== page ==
Despite the catastrophic collapse of the real estate bubble and housing prices, property tax revenue collected by states and localities is still on the rise - up 2.7% in 2009. This is a disconnect from the reality of the current state of the U.S. housing market, which is a direct result of most State and local governments marking their property tax collection schemes to model.
In the most recent economic downturn, receipts to State and local governments have largely gone south, declining (-10.9%), (-16.4%), and (-11.6%) in the last three quarters alone, according to the National Association of State Budget Officers. As to be expected with a 9.7% unemployment rate, data from the Bureau of Economic Analysis shows that in 2009, income and sales tax receipts have posted the largest annual declines on record (-19% and -4.8%, respectively). In fact, of all the major State and local government tax categories, only receipts from corporate income and property taxes grew in 2009.
Furthermore, BEA statistics show that property taxes have been a great source of income for struggling local governments, which collect over 96% of all property taxes. With property included, receipts to State and local governments declined 5.5% in 2009. Without property taxes, however, receipts declined 9.1% in 2009.
So with everything we know about depressed home prices, how can it be that property tax receipts are actually still on the rise?
The answer is easy - most State and local governments notoriously mark their property tax collection processes to model. That is, property taxes are often based on rather outdated appraisal values that consistently lag fair market values throughout most States. On average, as determined by Federal Reserve economist Byron Lutz, it takes three years for changes in the market value of homes to get reflected in an owner's property tax bill. So most State and local governments are raking in property tax receipts based on home values appraised in 2006 - the peak of the housing bubble.
So one would think that the consumer finally gets thrown a bone in the form a property taxes finally starting to roll over and catch up to the sunken home values across the country.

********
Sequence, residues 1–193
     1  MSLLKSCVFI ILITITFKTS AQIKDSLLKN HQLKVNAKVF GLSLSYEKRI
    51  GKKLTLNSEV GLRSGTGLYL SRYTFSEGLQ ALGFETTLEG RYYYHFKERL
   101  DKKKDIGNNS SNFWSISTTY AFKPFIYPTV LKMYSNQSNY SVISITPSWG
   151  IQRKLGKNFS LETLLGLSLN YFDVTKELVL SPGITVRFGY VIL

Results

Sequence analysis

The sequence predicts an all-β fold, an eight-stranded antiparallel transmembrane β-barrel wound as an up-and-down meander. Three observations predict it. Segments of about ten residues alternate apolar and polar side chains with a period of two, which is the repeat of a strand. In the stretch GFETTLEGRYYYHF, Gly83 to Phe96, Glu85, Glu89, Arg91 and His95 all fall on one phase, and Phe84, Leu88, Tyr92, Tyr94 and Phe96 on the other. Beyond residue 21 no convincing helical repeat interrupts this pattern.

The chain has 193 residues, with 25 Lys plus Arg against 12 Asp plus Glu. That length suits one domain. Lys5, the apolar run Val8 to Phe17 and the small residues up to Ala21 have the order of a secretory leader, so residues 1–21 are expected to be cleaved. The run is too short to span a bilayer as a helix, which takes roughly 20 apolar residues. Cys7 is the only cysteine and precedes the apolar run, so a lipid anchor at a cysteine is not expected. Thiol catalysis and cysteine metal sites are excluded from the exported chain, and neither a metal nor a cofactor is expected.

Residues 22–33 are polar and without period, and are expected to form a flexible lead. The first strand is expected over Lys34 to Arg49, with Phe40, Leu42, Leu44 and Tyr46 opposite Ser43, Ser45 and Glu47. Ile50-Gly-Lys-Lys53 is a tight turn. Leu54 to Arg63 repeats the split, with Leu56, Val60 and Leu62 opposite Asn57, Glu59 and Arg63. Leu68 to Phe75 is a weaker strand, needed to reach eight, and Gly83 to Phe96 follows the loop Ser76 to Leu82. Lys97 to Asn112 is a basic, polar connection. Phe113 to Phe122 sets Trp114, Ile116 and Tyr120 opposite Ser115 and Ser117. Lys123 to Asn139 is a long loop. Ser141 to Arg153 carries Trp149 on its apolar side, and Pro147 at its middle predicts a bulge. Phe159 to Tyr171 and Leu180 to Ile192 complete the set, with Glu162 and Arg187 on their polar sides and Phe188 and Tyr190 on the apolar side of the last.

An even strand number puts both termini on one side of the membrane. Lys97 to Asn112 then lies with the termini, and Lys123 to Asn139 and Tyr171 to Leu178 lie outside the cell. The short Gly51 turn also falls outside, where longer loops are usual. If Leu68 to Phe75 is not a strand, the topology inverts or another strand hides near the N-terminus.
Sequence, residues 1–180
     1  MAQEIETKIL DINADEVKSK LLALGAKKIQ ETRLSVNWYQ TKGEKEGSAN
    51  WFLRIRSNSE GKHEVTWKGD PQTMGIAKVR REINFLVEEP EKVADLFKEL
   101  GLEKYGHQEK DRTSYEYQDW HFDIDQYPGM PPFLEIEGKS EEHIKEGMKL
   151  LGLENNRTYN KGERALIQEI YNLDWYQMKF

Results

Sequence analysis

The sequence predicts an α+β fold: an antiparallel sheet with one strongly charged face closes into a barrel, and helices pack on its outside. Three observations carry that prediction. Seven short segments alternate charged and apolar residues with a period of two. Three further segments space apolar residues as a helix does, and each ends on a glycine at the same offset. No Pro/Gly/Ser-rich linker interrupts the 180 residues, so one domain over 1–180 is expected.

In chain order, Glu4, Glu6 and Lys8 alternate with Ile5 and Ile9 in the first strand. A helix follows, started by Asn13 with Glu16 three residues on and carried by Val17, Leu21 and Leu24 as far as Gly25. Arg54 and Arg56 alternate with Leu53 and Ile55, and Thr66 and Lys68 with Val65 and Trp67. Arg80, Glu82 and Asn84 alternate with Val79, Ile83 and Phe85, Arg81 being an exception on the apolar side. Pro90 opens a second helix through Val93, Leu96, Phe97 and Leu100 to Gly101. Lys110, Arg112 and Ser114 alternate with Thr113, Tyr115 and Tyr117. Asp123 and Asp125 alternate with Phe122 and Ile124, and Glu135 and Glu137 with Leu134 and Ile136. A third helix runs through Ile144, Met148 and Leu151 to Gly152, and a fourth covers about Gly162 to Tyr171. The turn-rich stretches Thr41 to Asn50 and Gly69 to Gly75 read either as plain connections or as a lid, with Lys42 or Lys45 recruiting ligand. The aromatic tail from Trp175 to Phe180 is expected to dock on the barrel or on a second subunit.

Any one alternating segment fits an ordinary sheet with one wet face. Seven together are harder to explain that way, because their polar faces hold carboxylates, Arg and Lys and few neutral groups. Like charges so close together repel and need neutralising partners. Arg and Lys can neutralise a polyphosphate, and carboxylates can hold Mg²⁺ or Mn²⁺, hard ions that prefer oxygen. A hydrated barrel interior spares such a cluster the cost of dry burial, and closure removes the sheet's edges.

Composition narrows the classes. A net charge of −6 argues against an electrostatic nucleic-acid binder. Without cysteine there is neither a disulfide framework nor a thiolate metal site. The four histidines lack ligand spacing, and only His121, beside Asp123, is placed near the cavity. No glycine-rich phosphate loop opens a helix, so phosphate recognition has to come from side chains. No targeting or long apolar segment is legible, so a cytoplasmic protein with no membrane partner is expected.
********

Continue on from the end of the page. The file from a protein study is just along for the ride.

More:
Not so fast, my friend.
In classic marked-to-model form, some State and local governments have raised property tax rates to offset declining home prices. Others have adjusted tax rates to keep property tax revenue stable, regardless of what happens to prices on the real estate market. Even more appalling, some State and local governments have actually raised property taxes to deal with budget shortfalls. All told, the budget shortfall facing State and local governments in the next three fiscal years is $136.1 billion, according to NASBO.
In a twisted way, with property tax appeals well above historic means in most municipalities, it sounds insignificant to suggest that many State and local governments across the country have each planned to spend well over a hundred million dollars on property tax appeals in the next fiscal year. That's right - millions of Americans across the country are appealing their property taxes, citing home values well below the last State-appraised values the taxes are being based upon. Twenty to forty percent of appeals are granted. If the average holds, the lifeline that property taxes have been to flailing State and local government budgets will be eroded on the margin.
Perhaps that is why 41 states are behind their fiscal 2010 revenue projections (NASBO). Six were on target as of February 20th; a paltry three were ahead of schedule (NASBO). Moreover, NASBO studies suggest States are projecting a further decline of over 1.4% in tax collections for fiscal 2010. Thinned-out receipts have left States’ Rainy Day funds at 4.8% of expenditures - the lowest ratio since 2004 (NASBO). Back out the ultra-conservative Texas and Alaska, and that ratio is only 2.7% - the lowest since 1992 (NASBO)!
It neither sustainable for State and local governments to raise taxes based on marked-to-model housing prices, nor is it sustainable for homeowners to continue to a growing percentage of the tax burned. Yet another reason to be concerned about the Domestic PIIGS, and the outlook for municipal bonds.